While the Ganges Water Treaty has significantly contributed to bilateral peacemaking and has provided the foundation for other forms of cooperation between India and Bangladesh, the Indus Water Treaty of 1960 has failed to do so between India and Pakistan. The basic reason for this failure is the quality of the Indus Water Treaty itself. The Indus Water Treaty is not a water-sharing treaty, rather an extension of the partition between two countries, from land resources in 1947 to water resources in the 1960s.
Thus, the Indus Treaty has failed to provide a space for joint ownership and joint management of critical common property resources. What both the countries have failed to do while dividing the Indus water between themselves, the urgency and danger of smog bring them another opportunity to work towards a comprehensive and cooperative framework to limit air pollutants and with it to improve bilateral relations.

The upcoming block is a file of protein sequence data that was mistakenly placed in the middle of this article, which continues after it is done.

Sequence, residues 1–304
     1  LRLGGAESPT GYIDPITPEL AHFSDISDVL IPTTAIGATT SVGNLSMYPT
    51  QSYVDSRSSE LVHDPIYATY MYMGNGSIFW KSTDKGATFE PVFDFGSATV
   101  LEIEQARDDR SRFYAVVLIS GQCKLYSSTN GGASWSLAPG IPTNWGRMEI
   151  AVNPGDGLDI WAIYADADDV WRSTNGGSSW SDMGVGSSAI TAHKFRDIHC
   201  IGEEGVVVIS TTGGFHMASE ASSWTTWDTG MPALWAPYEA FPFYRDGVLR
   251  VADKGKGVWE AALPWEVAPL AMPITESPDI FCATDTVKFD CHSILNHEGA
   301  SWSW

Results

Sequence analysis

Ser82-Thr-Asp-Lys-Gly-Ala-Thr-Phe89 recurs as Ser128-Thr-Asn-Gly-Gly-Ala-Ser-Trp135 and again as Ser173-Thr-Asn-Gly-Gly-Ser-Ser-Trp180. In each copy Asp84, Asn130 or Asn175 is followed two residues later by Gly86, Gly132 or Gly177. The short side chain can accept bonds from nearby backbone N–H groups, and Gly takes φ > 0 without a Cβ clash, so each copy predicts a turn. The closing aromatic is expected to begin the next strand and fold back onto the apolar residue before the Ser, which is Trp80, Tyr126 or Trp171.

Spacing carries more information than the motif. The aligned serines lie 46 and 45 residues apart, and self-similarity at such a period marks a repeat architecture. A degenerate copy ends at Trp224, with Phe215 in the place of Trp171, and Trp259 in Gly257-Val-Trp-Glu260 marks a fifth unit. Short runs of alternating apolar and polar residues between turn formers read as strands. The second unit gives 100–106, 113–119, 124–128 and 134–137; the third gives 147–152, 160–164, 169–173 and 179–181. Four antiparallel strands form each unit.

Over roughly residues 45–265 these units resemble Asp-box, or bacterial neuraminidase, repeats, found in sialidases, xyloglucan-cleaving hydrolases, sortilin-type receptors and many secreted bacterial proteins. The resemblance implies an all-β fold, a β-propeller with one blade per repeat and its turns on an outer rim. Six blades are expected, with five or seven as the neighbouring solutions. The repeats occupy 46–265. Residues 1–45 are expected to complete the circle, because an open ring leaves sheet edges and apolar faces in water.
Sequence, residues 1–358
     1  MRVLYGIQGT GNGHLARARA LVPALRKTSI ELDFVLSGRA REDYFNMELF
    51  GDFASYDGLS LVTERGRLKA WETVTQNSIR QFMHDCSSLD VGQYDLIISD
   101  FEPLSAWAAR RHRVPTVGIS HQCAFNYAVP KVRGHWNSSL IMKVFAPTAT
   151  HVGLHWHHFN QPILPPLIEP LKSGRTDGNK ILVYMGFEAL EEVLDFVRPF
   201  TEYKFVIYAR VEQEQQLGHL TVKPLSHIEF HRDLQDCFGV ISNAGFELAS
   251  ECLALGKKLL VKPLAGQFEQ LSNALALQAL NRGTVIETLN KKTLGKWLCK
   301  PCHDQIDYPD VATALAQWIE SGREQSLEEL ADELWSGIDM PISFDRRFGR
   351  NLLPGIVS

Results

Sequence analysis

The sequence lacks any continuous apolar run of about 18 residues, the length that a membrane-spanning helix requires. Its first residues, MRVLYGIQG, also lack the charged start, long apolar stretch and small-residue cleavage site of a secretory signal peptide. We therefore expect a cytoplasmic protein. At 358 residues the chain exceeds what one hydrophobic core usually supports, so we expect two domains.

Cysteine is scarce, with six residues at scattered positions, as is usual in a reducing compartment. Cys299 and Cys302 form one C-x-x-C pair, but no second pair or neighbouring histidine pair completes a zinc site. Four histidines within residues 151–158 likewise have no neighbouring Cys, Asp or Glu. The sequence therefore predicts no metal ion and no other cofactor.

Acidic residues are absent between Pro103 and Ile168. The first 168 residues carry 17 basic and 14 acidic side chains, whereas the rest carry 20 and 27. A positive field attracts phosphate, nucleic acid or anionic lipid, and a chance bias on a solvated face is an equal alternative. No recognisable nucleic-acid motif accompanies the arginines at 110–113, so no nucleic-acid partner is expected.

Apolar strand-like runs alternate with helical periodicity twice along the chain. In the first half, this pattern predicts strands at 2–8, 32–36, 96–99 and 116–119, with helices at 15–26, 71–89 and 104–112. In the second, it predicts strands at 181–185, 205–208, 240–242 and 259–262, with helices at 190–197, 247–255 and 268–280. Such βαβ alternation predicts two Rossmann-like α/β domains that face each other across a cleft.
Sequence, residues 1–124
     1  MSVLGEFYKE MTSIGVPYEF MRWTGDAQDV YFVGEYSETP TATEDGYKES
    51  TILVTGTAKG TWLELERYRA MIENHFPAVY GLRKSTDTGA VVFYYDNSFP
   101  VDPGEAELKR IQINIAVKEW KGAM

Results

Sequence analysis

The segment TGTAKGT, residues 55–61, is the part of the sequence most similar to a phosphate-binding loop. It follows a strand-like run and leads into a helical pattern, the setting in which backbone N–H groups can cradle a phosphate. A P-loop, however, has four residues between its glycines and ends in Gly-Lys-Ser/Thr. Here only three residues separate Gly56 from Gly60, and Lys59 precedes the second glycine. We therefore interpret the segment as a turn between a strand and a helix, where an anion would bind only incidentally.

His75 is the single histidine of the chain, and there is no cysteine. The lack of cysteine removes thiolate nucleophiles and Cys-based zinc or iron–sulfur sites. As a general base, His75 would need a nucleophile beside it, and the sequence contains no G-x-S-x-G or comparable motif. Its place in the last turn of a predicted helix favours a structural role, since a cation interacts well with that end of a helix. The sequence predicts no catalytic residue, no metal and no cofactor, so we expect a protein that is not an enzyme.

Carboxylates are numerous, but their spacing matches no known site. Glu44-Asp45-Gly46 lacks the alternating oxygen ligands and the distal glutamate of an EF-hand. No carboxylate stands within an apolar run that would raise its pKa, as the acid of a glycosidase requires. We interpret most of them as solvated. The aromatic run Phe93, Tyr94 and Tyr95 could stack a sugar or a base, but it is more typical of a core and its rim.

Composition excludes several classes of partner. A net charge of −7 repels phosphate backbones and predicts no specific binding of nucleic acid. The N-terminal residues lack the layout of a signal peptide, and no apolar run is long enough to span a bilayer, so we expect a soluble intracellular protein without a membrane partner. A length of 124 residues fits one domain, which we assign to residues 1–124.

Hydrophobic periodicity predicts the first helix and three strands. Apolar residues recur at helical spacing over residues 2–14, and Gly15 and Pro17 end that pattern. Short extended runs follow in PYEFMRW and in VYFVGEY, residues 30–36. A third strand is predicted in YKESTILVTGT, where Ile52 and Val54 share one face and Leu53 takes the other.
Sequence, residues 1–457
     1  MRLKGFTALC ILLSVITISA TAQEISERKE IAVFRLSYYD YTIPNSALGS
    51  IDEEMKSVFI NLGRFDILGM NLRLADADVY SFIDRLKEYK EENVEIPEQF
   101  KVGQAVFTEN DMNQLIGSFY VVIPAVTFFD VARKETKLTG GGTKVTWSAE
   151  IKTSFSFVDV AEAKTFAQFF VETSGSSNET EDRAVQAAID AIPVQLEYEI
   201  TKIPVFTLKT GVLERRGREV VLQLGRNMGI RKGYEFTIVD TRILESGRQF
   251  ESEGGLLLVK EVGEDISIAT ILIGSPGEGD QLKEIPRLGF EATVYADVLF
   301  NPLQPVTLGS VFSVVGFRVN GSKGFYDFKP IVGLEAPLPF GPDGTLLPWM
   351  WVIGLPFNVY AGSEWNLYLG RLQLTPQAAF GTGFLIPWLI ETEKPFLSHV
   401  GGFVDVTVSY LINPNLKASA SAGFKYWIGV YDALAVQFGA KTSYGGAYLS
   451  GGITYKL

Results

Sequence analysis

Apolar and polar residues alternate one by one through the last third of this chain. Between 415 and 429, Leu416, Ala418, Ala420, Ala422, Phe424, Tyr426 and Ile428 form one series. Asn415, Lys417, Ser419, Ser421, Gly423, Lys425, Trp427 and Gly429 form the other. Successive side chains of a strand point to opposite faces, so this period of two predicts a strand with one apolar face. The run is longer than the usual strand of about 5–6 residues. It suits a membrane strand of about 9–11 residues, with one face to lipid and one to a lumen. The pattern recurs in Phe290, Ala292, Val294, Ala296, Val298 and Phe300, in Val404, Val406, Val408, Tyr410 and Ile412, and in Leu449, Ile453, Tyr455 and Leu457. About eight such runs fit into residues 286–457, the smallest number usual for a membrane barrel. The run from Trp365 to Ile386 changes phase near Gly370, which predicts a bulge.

It is true that environmental issues provide opportunities for the countries to build cooperation, but the states have to make use of them. The positive spill-over effect of the environmental cooperation is only possible if the ruling elites of the cooperating states are prepared and interested to take the advantage of it. The ruling elites of both India and Pakistan, need to abandon their narrow political agenda and prioritise survival and well-being of the people, and then both the countries might able to get the other larger benefits of their cooperation over air quality. Time for the rulers to realize, cooperation is essential in the neighbourhood. Smog has just provided them with another opportunity to walk together in that direction.
The writer is professor of Peace and Conflict Research at Uppsala University, Sweden